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Freud’s Main Theories

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Sigmund Freud created the discipline of psychoanalysis which studies the unconscious mind. He used a technique in psychotherapy called free association where the client says things that come to their mind without a conscious filter; the goal of free association is to delve into the unconscious process. Freud also used a technique called dream analysis where the patient would report their dreams and the content was believed to represent the patient’s true desires and fears. Although many of Freud’s theories sparked controversy among contemporary scientists, no one can deny Freud’s influence on the realm of psychoanalysis, and here are Freud’s top ideas that changed the world.

Dreams

Freud postulated that dreams are a portal to understanding the unconscious mind as they provide glimpses into our deepest desires and thoughts. He even called dreams "the royal road to the unconscious.” The unconscious mind can sometimes be deceptive as it can hide away some information from the conscious mind. Therefore, psychotherapists are required to investigate the individual’s dreams. A dream is composed of two parts; the first part is about the patent content of the dream or the details that the dreamer remembers, and the second part deals with the symbols and the hidden meaning of the dream which is called the latent content. When we dream, we transform our unfulfilled wishes into a less menacing form that we can encounter without succumbing to anxiety.

Defence Mechanism

Defence mechanisms are tactics that our subconscious employ to avoid painful situations. Noteworthy, some mechanisms are signs of maturity that we need to acquire, yet some are harmful as they can lead to many psychological problems. The most popular mechanisms are:

1) Displacement: Taking frustration on people and objects that are less threatening. To exemplify, an employee is insulted by his boss, so he takes out his anger on his child or wife.

2) Denial: Refusing the occurrence of unacceptable incidents and traumas. Denial can involve a complete refusal of traumas, and in other cases, the individual concedes that a trauma has occurred, diminishing its aftermath.

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3) Repression: This mechanism refers to forcing information and memories out of conscious awareness. The suppression of traumatic memories can occur consciously or subconsciously.

4) Reaction Formation: Behaving in the opposite manner of how the individual is supposed to behave. An example of this mechanism is responding to criticism in a very calm manner or treating toxic people in a friendly way.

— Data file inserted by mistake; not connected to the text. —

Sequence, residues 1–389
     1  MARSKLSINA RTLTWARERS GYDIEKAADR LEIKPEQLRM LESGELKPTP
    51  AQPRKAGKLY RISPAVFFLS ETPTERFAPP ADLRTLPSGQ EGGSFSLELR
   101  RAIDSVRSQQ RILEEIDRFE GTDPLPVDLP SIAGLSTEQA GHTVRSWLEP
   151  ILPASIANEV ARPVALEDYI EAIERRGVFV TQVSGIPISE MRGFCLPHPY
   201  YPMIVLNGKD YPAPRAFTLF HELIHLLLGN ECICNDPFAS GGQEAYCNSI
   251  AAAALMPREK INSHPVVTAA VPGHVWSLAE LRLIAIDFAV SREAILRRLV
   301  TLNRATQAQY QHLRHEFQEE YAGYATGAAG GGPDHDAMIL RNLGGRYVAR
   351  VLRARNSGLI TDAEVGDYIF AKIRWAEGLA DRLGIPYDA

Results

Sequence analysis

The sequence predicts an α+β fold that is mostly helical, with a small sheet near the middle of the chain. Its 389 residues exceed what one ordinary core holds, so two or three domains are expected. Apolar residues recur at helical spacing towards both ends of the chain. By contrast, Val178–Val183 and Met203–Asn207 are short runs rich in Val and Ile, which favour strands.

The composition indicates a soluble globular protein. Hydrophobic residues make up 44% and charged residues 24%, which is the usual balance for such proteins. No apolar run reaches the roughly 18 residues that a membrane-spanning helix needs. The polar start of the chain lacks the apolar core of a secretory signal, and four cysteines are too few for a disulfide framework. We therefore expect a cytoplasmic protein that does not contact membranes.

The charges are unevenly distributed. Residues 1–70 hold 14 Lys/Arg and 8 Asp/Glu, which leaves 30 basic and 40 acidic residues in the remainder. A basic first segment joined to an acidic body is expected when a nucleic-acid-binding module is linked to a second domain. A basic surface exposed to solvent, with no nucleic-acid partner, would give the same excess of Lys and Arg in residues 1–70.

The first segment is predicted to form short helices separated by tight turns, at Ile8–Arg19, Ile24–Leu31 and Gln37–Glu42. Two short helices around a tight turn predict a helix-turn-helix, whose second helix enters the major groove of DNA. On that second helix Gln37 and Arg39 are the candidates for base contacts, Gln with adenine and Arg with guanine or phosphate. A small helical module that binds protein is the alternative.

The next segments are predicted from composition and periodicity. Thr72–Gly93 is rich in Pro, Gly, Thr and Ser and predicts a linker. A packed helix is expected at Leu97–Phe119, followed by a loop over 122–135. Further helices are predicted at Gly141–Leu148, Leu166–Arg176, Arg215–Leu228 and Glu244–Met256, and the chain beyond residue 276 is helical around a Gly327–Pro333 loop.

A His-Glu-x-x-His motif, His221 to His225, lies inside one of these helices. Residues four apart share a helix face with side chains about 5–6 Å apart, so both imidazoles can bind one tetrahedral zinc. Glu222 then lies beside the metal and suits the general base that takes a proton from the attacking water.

5) Rationalization: Rationalization is about providing rational explanations for unacceptable behaviour. For instance, a student might attribute his failure to his teacher to avoid realizing that he/she didn’t study well.

6) Projection: Psychological projection is the process of misinterpreting what is inside the self and employing one’s personal experiences to interpret someone else's subjective world. The ego defends itself against the negative parts of the self by denying that they exist in the self, attributing them to others.

7) Acceptance: Acceptance is a mature self-defence mechanism that allows the individual to accept situations that he/she cannot change.

Life and Death Instincts

In 1920, Freud published his book Beyond the Pleasure Principle in which he argued that all instincts fall into one of two major classes: life instincts (Eros) or death instincts (Thanatos). Life instincts are those instincts that humans depend on to achieve survival, pleasure, and reproduction. These instincts are required for the continuity of the individual’s life as well as the persistence of the species. Such drives involve sexual pleasure, thirst, hunger, and pain evasion. Freud referred to the energy created by the life instincts as “libido”. Owing to such drives, individuals are prompted to look after their health and safety, create and nurture new life, and cooperate with each other to create a healthy society. Moving to death instincts, Freud argued that “the goal of all life is death.” So, all people carry a deep-seated desire for destruction which can be directed towards the self or other people. Death instincts manifest themselves in the form of aggressive behaviour. After encountering traumatic events, many people seek to harm themselves, which is indicative of their desire to die as such a desire is tempered by life instincts. Freud concluded that self-harm occurs as an expression of suicidal desires that life instincts override.

Resistance to Change

Freud and his colleague Breuer (1895/1955) were the first to coin and define the word “resistance.” According to Freud, our unconscious minds naturally resist change. Everything new feels frightening and unsolicited, even if it is a change for the better. Freud indicated that resistance to change has a stubborn ability to disrupt the lives of both the individual and society. By analyzing the core reasons for an individual’s resistance to change, psychologists can map out many unconscious aspects of the ego and bring them to the surface. Freud also indicated that the psychotherapeutic process must advance in small steps with individuals who are afraid of change.

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